Depression

Bright Light, Acupuncture, and Yoga for Perinatal Depression

There are promising findings, but more studies are needed.

Posted Jul 26, 2019

Wavebreakmedia/Shutterstock
Source: Wavebreakmedia/Shutterstock

This is the third and final post in a series on complementary and alternative medicine (CAM) approaches to perinatal depressed mood. In previous posts, I reviewed the limitations of available mainstream treatments of depressed mood during pregnancy and evidence for select supplements, including omega-3 fatty acids, folate, and other natural supplements.

In this post, I briefly review research findings for bright light exposure therapy, acupuncture, exercise, massage, and yoga.

Bright Light Exposure Therapy

Findings of studies on bright light exposure for perinatal depressed are inconsistent; however, most studies report positive findings. Three placebo-controlled studies reported beneficial effects of bright light exposure in pregnant, depressed women treated daily with one hour of early-morning, full-spectrum bright light for at least three weeks. In all three studies, bright light exposure was significantly more effective than the placebo condition (dim light) (Oren et al 2002; Epperson et al 2004; Wirz-Justice et al 2011).

A different study found no response difference in pregnant women exposed to bright light versus dim light (Corral et al 2007). It is important to note that all four studies were small. Bright light exposure is generally well tolerated, although some individuals report nervousness or insomnia, and there are rare case reports of hypomania in individuals diagnosed with bipolar disorder.

Acupuncture

Findings of sham-controlled studies on acupuncture for depressed mood are also inconsistent (Smith, Hay and Macpherson 2010). Two sham-controlled studies on traditional acupuncture for depression during pregnancy yielded positive results (Manber et al 2004; Manber et al 2010). A small study found no response difference between women treated with traditional acupuncture and electroacupuncture (Chung et al 2012). 

Exercise and Massage

Many depressed individuals who engage in regular aerobic activity reported improved mood; however, research findings are inconsistent (Chalder et al 2011; Krogh et al 2010; Mota-Pereira et al 2011). Few studies have examined the mental health benefits of exercise for perinatal depressed mood, and the results are mixed (Norman et al 2010; Heh et al 2008; Dritsa et al 2008). The optimal type, frequency, and duration of exercise for depressed mood have not been established.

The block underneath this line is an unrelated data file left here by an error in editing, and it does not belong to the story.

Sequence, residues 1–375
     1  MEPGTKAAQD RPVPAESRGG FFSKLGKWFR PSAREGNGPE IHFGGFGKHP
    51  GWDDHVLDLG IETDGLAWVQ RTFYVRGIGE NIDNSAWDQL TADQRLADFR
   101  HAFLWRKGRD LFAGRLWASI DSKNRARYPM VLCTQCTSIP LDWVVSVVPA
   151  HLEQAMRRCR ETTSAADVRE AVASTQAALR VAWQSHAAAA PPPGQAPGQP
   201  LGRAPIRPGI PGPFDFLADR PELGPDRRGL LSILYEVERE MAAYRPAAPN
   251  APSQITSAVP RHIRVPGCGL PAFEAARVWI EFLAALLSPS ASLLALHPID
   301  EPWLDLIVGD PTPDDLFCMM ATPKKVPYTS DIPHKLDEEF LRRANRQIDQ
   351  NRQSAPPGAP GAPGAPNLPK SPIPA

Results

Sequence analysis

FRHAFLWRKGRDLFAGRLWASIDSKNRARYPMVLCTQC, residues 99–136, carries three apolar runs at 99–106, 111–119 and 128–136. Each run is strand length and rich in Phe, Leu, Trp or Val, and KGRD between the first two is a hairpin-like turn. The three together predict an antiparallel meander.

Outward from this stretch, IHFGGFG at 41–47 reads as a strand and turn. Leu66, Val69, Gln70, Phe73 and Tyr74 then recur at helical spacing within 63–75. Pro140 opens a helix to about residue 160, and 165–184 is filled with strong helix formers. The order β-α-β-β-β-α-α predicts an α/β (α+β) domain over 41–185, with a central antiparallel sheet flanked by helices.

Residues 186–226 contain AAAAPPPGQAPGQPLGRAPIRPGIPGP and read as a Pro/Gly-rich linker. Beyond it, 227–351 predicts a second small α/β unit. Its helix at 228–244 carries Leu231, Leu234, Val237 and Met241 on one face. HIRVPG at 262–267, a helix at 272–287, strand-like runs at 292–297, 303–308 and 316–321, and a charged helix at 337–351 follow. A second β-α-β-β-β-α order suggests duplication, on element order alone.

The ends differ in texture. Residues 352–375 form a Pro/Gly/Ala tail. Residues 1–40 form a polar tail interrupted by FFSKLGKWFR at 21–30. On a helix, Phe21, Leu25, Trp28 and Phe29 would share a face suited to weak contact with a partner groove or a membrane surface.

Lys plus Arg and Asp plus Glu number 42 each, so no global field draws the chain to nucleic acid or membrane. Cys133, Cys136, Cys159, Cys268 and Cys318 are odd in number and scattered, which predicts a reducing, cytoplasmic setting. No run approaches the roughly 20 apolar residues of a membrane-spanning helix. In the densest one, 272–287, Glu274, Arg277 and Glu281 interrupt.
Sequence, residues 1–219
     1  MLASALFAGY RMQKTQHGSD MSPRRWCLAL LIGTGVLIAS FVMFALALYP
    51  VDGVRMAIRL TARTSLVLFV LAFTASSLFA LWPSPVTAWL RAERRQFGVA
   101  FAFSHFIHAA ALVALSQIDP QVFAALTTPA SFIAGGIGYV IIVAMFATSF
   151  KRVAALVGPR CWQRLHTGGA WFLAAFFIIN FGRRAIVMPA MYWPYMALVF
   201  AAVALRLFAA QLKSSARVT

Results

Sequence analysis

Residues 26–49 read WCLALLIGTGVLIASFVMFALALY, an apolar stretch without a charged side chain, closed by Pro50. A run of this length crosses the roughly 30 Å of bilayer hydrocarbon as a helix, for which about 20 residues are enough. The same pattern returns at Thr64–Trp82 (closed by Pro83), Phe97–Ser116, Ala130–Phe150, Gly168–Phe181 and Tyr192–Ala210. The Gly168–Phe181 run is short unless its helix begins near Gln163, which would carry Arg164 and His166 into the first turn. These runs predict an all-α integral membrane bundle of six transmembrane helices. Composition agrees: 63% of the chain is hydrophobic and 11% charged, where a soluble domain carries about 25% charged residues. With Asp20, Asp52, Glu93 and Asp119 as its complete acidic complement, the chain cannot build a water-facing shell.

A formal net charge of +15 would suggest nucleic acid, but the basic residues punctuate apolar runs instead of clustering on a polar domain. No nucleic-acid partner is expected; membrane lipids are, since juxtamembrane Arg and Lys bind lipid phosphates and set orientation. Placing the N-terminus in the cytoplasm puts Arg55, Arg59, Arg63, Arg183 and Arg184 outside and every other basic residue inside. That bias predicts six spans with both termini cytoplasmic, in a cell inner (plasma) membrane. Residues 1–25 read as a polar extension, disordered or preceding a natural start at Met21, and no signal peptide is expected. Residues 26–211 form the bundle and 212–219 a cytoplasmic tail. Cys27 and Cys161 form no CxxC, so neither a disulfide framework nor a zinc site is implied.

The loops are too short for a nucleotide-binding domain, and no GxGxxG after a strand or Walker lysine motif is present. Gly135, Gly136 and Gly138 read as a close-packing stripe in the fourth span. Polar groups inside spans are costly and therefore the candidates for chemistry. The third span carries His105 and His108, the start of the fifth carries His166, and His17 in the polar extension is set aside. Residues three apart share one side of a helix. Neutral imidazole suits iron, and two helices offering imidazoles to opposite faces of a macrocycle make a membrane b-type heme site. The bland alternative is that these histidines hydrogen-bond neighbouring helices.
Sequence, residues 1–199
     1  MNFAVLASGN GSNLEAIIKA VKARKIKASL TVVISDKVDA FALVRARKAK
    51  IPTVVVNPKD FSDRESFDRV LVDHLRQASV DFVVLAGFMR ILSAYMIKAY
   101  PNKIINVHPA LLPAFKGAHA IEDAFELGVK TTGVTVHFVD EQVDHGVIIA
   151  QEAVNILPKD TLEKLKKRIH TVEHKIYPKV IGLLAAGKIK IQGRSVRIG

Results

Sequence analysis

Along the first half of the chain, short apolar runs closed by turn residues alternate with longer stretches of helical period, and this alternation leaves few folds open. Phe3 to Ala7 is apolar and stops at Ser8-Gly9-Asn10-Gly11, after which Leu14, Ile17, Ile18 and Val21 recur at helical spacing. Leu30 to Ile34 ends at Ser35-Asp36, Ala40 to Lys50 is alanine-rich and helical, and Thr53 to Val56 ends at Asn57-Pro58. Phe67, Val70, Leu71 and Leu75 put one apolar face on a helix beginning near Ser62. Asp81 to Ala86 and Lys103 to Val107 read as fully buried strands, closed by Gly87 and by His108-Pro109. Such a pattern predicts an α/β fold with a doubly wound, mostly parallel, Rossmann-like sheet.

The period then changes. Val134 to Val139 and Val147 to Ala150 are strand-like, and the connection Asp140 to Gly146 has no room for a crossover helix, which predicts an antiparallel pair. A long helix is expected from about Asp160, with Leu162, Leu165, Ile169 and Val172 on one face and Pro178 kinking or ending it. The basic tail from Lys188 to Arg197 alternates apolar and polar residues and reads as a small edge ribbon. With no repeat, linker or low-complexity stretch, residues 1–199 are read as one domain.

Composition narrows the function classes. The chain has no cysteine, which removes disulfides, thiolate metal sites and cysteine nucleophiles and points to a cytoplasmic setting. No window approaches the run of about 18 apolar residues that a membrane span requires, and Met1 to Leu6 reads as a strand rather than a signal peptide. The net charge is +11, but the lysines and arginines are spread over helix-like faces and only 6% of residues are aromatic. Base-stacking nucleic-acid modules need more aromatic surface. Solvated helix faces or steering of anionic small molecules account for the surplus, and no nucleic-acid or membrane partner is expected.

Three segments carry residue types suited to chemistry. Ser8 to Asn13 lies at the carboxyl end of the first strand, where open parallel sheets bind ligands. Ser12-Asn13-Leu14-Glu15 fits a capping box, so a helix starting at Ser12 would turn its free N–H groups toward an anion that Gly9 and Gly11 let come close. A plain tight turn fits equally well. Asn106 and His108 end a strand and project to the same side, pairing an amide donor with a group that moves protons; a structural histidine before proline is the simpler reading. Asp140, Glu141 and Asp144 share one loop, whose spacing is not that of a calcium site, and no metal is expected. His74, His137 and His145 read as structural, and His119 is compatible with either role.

Regular massage therapy of at least 20 minutes weekly has been shown to have antidepressant effects in depressed adults, including pregnant women (Hou et al 2010; Field et al 2004; Field et al 2008).

Yoga

Like acupuncture and exercise, findings on the mood-enhancing effects of yoga for perinatal depressed mood are inconsistent. Some studies report significant reductions in the severity of depressed mood with regular yoga practice, while other studies report no differences in outcomes between women practicing yoga and women on a waitlist (Uebelacker et al 2016; Davis et al 2015; Muzik et al 2012; Field et al 2013; Buttner et al 2015).

It is possible that differences in outcomes reflect different styles of yoga, diverse samples and sample sizes, and the use of self-reported or non-standardized measures of mood in many studies. Additional studies are needed to determine whether specific styles of yoga are more effective than others, as well as the frequency of yoga practice that may yield the greatest antidepressant benefits.

Bottom Line

Untreated or undertreated depressed mood during pregnancy or following childbirth has serious health consequences to the mother, the unborn fetus, and the newborn. As discussed in the first post in this series, taking an antidepressant during pregnancy may result in toxic effects on the fetus and delays in early childhood development. At the same time, the majority of complementary and alternative (CAM) approaches used to treat this condition are supported by inconsistent research findings.

Pending future research findings establishing which treatments are safest and most beneficial, these circumstances invite open-minded consideration of the range of conventional Western medical and CAM modalities aimed at maximizing treatment response while minimizing risk to the pregnant woman, the fetus, and the newborn child. 

As is broadly true in mental health care, "one size fits all" does not apply to the treatment of perinatal depressed mood. The most appropriate treatment—whether it is an antidepressant, a natural supplement, yoga, acupuncture, exercise, or a combination of two or more conventional and CAM approaches—should be individualized to match the unique symptoms and preferences of each person and determined on a case by case basis. 

References